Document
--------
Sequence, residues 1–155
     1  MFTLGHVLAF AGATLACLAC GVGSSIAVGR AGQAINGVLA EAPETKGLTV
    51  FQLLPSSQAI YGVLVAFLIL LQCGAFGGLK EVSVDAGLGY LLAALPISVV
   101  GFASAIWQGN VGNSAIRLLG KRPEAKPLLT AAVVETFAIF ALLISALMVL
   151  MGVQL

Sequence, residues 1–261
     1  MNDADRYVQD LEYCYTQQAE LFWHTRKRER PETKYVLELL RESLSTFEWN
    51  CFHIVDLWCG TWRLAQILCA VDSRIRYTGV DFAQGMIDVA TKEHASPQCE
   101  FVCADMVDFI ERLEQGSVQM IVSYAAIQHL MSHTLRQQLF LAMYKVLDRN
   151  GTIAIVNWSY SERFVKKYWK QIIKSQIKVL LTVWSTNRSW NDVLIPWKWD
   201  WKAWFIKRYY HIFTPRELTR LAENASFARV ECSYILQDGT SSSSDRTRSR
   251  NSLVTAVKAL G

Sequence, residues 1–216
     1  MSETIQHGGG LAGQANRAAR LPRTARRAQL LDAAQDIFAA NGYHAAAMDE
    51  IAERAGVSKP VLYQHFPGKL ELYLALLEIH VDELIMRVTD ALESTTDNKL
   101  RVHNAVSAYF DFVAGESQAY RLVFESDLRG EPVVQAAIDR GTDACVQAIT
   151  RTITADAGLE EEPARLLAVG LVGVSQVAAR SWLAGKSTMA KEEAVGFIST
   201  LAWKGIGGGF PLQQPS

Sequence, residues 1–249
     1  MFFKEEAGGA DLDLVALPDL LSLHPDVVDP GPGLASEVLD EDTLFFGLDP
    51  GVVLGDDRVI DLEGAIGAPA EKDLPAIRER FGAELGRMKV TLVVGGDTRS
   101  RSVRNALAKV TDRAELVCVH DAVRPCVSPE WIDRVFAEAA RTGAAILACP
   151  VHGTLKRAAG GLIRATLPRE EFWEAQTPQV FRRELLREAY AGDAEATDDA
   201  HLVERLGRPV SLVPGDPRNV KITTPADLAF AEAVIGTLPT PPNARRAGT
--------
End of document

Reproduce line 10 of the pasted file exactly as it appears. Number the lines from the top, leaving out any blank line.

   151  GTIAIVNWSY SERFVKKYWK QIIKSQIKVL LTVWSTNRSW NDVLIPWKWD